# Discriminant of a cubic

1. May 10, 2005

### snoble

On mathworld's discussion of the cubic formula he has that

"determining which roots are real and which are complex can be accomplished by noting that if the polynomial discriminant D > 0, one root is real and two are complex conjugates; if D = 0, all roots are real and at least two are equal; and if D < 0, all roots are real and unequal."

Does that sound wrong to anyone else? It's been a while since I learned about cubic discriminants but doesn't a negative discriminant mean two complex roots?

I had actually forgotten what a negative cubic discriminant meant so I was looking it up but this seems wrong to me. Anybody feel confident one way or the other?

Thanks,
Steven

2. May 11, 2005

### matt grime

The discriminant is, usually defined as:

given a poly P, let x_1,..,x_n be its roots in some order (assume they all exist ie deg(P)=n; we're in some splitting field), then let d= prod_{i<j}(x_i-x_j}. The discriminant is D=d^2.

However, quickly reading that page I can see where there may be confusion, for as given you're right to be confused. WHen it first mentions discriminants it links to the mathworld definition which agrees with mine, but mentions that Birkhoff and someone else use something that differs by a minus sign.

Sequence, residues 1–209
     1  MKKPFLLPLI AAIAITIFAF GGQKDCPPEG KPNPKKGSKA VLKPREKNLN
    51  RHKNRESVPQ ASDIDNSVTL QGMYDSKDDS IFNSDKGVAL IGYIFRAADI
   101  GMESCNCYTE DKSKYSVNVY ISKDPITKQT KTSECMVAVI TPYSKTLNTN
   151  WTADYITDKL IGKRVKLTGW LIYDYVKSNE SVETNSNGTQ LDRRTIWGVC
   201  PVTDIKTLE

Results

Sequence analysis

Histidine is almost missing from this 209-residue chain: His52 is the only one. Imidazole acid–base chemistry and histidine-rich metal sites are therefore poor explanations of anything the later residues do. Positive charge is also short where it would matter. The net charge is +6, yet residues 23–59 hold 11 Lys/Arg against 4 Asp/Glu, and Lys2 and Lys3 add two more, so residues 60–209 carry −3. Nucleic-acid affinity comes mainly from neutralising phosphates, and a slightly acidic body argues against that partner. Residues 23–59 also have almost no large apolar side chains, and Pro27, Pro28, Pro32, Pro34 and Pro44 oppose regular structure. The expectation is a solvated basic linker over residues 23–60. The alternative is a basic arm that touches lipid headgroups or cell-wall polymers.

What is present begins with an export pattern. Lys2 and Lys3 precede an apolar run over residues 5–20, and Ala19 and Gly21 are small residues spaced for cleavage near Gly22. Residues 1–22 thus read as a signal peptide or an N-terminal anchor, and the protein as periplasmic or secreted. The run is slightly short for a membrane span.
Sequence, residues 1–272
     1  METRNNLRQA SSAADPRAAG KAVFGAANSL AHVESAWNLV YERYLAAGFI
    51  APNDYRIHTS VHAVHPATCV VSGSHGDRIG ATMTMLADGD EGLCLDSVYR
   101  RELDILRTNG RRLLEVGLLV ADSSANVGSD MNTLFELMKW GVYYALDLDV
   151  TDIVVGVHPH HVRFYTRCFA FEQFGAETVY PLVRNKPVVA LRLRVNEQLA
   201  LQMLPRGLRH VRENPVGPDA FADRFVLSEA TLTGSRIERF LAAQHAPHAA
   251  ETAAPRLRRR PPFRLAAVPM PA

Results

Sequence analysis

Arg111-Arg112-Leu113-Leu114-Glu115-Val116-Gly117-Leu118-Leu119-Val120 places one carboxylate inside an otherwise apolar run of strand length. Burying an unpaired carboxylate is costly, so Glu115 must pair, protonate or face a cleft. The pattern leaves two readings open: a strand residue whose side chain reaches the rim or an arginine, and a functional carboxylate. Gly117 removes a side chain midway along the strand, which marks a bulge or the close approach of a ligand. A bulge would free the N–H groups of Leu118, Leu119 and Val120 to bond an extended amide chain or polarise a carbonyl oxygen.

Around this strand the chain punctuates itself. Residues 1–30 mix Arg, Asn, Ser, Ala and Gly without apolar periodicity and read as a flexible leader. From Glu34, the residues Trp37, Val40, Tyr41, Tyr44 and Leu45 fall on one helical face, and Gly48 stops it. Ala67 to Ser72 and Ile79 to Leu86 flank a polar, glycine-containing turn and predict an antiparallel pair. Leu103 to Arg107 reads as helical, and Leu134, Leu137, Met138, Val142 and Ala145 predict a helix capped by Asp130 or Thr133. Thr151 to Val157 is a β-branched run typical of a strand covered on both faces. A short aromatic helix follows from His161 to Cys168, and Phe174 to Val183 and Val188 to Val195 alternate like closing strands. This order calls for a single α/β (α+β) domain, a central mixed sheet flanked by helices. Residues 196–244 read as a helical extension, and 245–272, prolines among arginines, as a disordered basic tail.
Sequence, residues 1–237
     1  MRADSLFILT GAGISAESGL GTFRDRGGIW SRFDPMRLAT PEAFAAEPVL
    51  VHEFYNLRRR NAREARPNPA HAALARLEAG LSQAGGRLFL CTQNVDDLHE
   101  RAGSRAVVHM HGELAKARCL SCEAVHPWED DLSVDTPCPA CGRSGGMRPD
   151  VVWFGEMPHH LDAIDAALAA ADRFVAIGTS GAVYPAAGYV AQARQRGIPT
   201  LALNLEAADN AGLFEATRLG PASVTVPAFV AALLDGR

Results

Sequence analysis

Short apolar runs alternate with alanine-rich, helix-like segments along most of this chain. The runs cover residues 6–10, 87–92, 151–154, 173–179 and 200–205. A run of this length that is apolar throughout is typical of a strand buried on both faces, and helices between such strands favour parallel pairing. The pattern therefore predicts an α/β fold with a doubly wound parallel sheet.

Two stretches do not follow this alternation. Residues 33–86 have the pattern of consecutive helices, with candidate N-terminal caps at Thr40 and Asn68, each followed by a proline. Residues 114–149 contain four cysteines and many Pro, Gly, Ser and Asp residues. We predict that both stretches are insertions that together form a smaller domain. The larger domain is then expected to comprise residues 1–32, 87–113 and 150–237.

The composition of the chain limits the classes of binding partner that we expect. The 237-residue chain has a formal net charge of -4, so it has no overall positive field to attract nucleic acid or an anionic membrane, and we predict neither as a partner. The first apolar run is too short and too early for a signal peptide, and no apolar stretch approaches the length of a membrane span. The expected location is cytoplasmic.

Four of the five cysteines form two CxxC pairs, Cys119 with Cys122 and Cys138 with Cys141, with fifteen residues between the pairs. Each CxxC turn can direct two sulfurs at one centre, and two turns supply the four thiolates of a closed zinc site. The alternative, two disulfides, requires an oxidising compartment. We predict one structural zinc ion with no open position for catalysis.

Two scenarios:
1 he got confused as to which convention he was using later in the piece, or

2 they altered the definition on mathworld afterwards to agree with birkhoff's and it used to have the minus sign on the mathworld page.

not having a copy of birkhoff i can't say which is more likely.

3. May 11, 2005

### snoble

Ah, right you are. I actually saw that line then dismissed it when I saw that the roots use the square root of the discriminant. Looks like the imaginary part cancels out.

Thanks a lot,
Steven

4. May 11, 2005

### robert Ihnot

matt grime:given a poly P, let x_1,..,x_n be its roots in some order (assume they all exist ie deg(P)=n; we're in some splitting field), then let d= prod_{i<j}(x_i-x_j}. The discriminant is D=d^2.

Clearly if the roots were real, using that definition the discriminant would be positive. If there was a pair of complex, then the difference between them would be imaginary.

5. May 11, 2005

### matt grime

I'm sorry, Robert, your point was what? I thought I explained that with that definition what is written at Mathworld is wrong for that interpretation, though there appears to be other definitions that differ by a minus sign.

6. May 11, 2005

### robert Ihnot

My point was nothing really, I was just agreeing, not arguing with you--if that adds any substance to the subject. I too was very confused by this matter.

However, I can now add that some writers use q^2/4 + p^3/27, where this is what is under the radical in the answer. I guess it is a horse of another color.

A definition of that can be found:http://mathworld.wolfram.com/CubicFormula.html

Which gives $$p=\frac{3a_1-a_2^2}{3}$$

$$q=\frac{9a_1a_2-27a_0-2a_2^3}{27}$$

Where the equation is: $$z^3+a_2z^2+a_1z+a_0.$$

When the value under the square root is negative, that is called the Irreducible Case! And that is the case where you have real roots! It is another use of the word discriminant. The answer there is to use DeMoivre’s Theorem..

Cardan noticed that himself and gave the example of X^3=15X+4, where 4 is a root.

Last edited: May 11, 2005